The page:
About the Author
Before his recent retirement, Martin Thielen served as a minister in the United Methodist Church. During the early years of his career, he worked in the Southern Baptist Convention. He served churches in Arkansas, Hawaii, and Tennessee. He pastored small, medium, and large churches, including a megachurch. He also worked as a national denominational editor, consultant, workshop leader, and adjunct seminary professor.
Before becoming a clergyperson, Martin worked for New England Life Insurance Company. During his student years, he held a variety of interesting summer jobs, including a traveling carnival worker, a student evangelist for his Baptist college, a church janitor, and a chaplain intern for a state mental hospital.
Martin is the author of hundreds of articles and newspaper columns. He has also published eight books, including the best seller, What’s the Least I Can Believe and Still Be a Christian? He recently completed his first novel, An Inconvenient Loss of Faith. He’s currently working on a new novel and a new nonfiction book. Both deal with faith challenges in the modern era.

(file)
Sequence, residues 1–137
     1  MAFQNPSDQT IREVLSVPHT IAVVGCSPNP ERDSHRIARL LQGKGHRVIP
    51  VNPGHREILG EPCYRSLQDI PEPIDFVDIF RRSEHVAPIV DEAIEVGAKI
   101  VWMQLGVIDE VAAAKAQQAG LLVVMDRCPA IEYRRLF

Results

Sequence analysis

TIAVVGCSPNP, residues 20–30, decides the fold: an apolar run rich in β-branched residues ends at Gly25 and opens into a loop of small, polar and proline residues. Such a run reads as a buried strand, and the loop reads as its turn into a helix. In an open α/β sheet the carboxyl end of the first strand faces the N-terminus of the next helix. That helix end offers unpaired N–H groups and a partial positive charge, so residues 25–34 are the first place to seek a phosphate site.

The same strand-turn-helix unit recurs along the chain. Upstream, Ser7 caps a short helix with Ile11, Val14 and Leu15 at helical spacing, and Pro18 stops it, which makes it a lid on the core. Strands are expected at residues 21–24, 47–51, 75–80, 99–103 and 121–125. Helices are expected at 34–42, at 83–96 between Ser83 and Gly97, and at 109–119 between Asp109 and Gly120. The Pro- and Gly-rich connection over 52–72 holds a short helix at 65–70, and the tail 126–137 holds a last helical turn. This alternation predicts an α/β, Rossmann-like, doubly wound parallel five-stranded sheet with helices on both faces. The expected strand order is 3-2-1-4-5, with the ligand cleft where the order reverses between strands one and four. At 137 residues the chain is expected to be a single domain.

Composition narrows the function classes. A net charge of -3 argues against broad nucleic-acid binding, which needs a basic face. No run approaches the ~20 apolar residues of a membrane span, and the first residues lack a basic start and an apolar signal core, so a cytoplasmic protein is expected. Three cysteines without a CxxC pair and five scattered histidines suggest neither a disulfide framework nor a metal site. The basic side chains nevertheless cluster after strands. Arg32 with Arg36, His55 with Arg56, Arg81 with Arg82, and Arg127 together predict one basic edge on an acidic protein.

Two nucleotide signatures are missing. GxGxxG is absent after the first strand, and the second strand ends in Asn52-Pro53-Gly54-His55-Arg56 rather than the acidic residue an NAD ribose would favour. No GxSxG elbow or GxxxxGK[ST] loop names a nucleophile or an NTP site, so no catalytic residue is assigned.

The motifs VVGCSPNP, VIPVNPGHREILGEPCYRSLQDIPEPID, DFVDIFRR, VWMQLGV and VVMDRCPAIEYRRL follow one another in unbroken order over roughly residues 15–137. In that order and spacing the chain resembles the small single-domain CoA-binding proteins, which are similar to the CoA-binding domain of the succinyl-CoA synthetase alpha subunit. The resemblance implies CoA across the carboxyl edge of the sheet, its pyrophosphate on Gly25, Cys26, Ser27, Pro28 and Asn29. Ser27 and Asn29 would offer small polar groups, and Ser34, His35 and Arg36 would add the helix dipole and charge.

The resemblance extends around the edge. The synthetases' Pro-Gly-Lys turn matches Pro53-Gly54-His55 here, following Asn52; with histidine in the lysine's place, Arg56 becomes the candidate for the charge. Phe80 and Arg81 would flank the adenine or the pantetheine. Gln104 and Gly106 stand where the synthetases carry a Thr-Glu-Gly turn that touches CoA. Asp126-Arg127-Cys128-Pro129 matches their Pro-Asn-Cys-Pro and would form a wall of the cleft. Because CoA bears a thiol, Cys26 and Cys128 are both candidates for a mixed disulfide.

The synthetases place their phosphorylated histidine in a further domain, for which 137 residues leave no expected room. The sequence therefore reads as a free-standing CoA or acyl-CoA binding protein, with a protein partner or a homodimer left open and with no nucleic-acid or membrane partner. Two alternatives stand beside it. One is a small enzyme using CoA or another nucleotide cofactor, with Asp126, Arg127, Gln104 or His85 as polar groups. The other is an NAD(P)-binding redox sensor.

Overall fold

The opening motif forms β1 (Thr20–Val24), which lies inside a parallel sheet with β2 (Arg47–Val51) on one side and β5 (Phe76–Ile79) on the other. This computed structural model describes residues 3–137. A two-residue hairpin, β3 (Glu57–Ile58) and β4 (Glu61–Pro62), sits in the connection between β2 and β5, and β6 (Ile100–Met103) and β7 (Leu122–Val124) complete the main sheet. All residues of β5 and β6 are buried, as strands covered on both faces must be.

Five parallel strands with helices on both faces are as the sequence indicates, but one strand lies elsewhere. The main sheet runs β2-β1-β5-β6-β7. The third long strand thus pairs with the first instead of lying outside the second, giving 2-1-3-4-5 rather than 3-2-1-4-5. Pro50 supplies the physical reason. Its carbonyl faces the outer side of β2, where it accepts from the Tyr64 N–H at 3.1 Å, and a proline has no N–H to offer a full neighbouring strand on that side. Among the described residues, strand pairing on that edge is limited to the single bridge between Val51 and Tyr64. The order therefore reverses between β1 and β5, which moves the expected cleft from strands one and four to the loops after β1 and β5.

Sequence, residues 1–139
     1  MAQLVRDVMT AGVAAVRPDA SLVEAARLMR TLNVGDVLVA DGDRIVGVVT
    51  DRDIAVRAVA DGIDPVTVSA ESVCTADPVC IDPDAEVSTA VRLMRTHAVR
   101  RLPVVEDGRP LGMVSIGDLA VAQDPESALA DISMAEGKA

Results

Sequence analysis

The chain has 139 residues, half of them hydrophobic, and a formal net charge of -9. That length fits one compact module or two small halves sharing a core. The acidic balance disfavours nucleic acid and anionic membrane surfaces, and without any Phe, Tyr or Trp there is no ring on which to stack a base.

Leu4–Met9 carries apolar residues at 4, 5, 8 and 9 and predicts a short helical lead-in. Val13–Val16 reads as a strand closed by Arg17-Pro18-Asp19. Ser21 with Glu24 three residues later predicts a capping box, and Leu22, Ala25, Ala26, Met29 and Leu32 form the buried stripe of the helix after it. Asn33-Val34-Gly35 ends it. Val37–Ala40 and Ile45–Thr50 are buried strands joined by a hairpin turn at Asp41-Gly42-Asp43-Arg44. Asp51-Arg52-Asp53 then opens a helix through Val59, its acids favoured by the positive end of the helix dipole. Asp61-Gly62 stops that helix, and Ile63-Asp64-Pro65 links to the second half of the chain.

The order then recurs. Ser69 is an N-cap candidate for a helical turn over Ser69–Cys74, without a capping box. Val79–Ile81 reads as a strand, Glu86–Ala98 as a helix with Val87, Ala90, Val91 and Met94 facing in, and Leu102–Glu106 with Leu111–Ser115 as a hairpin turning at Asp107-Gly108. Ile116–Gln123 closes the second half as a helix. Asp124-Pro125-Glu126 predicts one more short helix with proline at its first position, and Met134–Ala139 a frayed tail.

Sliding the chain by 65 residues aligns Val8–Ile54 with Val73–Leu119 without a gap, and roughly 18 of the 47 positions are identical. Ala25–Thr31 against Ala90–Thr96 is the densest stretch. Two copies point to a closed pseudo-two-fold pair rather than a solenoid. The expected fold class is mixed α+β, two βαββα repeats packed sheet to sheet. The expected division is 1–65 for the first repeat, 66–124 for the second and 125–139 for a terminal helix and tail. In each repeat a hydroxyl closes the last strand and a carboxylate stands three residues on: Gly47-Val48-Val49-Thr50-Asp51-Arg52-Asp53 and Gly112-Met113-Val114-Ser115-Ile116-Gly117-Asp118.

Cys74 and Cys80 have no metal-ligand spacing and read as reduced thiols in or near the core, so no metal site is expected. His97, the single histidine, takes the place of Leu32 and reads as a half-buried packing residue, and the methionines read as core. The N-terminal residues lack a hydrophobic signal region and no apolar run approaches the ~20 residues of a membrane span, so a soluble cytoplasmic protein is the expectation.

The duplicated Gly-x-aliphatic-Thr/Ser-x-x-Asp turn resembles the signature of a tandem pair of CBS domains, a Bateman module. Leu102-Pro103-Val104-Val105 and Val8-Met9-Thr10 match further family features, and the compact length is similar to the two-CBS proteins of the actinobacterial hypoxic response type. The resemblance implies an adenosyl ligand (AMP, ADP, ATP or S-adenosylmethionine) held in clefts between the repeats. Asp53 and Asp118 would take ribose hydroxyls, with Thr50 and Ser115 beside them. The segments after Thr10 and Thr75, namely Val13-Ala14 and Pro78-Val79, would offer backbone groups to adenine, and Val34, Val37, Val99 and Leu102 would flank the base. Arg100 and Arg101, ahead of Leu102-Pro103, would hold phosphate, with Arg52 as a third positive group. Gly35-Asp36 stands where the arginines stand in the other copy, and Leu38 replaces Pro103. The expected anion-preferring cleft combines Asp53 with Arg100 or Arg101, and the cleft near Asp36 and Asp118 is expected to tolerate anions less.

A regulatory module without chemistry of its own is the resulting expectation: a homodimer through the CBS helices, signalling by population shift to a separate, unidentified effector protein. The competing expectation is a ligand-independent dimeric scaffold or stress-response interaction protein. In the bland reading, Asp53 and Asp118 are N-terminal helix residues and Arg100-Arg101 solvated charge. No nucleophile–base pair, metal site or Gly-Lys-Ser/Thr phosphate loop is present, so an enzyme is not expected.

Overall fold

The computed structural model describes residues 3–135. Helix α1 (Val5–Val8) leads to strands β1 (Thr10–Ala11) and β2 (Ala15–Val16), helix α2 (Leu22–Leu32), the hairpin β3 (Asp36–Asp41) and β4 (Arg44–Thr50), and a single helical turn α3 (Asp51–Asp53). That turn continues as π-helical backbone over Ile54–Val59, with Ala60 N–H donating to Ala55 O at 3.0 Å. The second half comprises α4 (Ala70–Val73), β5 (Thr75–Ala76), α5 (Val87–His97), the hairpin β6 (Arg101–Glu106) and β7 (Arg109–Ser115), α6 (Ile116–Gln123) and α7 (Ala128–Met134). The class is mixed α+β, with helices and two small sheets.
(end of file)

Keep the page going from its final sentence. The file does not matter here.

Martin holds a bachelor of arts degree from Ouachita University, Arkadelphia, Arkansas; a master of divinity from Southern Seminary, Louisville, Kentucky; and a doctor of ministry degree from Midwestern Seminary, Kansas City, Missouri. He also did a year of Ph.D. studies at Vanderbilt University, Nashville, Tennessee.
Martin and his wife Paula reside in Cookeville, Tennessee. They have two grown children and two young grandchildren. His hobbies including writing, walking, cycling, reading, surfing (when he can find a wave!), playing the guitar, and journaling. He also loves watching great movies, including his all-time favorite, The Shawshank Redemption.
Martin’s newest project is launching Doubter’s Parish. He appreciates your interest in this website and hopes it proves helpful as you seek to navigate faith in the twenty-first century.
For an overview of Martin’s story see My Life So Far.